Picacho Peak was often used as a landmark by early explorers. During the 17th century, dedicated Jesuit priest Father Kino mentioned Picacho Peak in records of his journeys into Arizona, and in 1775, the DeAnza Expeditions passed by the Peak. In 1846, the Mormon Battalion, on their way to California to fight in the war with Mexico, constructed a wagon road through Picacho Pass. The forty-niners traveled the same road on their way to California, and in 1858, mail and passengers traveled this route via the Butterfield Overland Stage. This route is now used by the Transcontinental Railroad.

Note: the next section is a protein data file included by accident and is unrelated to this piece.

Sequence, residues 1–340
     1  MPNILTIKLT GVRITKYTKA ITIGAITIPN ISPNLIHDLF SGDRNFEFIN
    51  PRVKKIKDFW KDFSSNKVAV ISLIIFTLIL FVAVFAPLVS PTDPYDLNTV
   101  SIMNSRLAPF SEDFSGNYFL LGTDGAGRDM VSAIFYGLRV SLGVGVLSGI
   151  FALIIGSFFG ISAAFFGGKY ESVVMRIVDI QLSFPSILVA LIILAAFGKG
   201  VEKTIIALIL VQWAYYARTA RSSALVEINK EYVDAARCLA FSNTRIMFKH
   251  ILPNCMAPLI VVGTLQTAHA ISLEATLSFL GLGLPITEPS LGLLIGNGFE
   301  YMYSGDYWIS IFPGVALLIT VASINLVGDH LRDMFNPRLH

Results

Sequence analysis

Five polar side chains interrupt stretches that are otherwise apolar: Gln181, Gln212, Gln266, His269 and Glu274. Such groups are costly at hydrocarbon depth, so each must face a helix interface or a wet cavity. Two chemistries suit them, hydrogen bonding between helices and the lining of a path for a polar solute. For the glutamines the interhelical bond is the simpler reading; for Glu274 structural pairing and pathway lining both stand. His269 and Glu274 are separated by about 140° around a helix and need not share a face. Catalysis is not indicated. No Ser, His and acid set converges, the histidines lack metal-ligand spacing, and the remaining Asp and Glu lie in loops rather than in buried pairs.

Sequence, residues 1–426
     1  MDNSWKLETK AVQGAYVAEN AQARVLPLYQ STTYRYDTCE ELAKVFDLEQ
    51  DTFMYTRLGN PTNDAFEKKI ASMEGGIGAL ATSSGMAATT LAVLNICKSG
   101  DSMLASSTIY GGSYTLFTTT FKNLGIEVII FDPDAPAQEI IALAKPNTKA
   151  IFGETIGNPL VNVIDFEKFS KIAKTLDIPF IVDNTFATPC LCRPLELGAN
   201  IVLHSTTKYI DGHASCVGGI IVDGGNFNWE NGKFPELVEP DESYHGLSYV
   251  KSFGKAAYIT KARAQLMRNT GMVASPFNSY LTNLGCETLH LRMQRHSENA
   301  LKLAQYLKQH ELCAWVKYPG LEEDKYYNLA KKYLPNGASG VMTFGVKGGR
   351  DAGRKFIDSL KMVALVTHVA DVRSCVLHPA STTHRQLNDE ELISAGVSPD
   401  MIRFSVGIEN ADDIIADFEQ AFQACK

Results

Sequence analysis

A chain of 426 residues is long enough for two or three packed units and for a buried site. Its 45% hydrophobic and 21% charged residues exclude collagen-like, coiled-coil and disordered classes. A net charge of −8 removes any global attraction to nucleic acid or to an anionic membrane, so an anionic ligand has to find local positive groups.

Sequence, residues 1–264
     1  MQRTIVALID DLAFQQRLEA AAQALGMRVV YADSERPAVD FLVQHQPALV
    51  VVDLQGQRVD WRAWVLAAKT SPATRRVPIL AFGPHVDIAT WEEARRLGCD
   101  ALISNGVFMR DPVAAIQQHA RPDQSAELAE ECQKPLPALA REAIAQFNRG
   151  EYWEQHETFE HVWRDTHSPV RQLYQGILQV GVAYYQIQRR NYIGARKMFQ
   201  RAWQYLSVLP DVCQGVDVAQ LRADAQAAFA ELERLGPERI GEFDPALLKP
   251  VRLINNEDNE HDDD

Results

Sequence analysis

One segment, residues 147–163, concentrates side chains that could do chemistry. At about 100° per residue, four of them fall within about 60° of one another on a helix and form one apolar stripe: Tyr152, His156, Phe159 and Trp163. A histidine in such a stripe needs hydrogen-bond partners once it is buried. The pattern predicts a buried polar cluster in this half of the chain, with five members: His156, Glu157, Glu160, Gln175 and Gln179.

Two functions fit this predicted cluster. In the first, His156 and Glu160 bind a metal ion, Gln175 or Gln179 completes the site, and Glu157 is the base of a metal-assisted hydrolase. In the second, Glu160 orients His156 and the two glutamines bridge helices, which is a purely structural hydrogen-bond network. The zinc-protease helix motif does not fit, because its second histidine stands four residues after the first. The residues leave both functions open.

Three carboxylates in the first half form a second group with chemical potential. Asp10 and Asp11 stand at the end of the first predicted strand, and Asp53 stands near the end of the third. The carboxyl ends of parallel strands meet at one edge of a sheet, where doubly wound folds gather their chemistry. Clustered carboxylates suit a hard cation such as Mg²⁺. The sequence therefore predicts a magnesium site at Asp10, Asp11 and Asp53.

The most significant Civil War battle in Arizona took place near Picacho Peak on April 15, 1862, when an advance detachment of Union forces from California attacked a Confederate scouting party. The battle lasted for 1-1/2 hours, and three Union soldiers were killed. Every March, "The Civil War in the Southwest" comes alive again as over two hundred re-enactors converge on Picacho Peak on foot and horseback. Visitors enjoy viewing exciting mock battles that took place in Arizona and New Mexico during the Civil War. Also on display at the March reenactment are recreated military camps and living history demonstrations.
* Camping with or without electric - 100 sites available, on a first-come, first-served basis * Picnic areas, ramadas, grills, dumpstation, restrooms, showers * Trails, historical markers, and playground * Group areas for day and overnight use available by reservation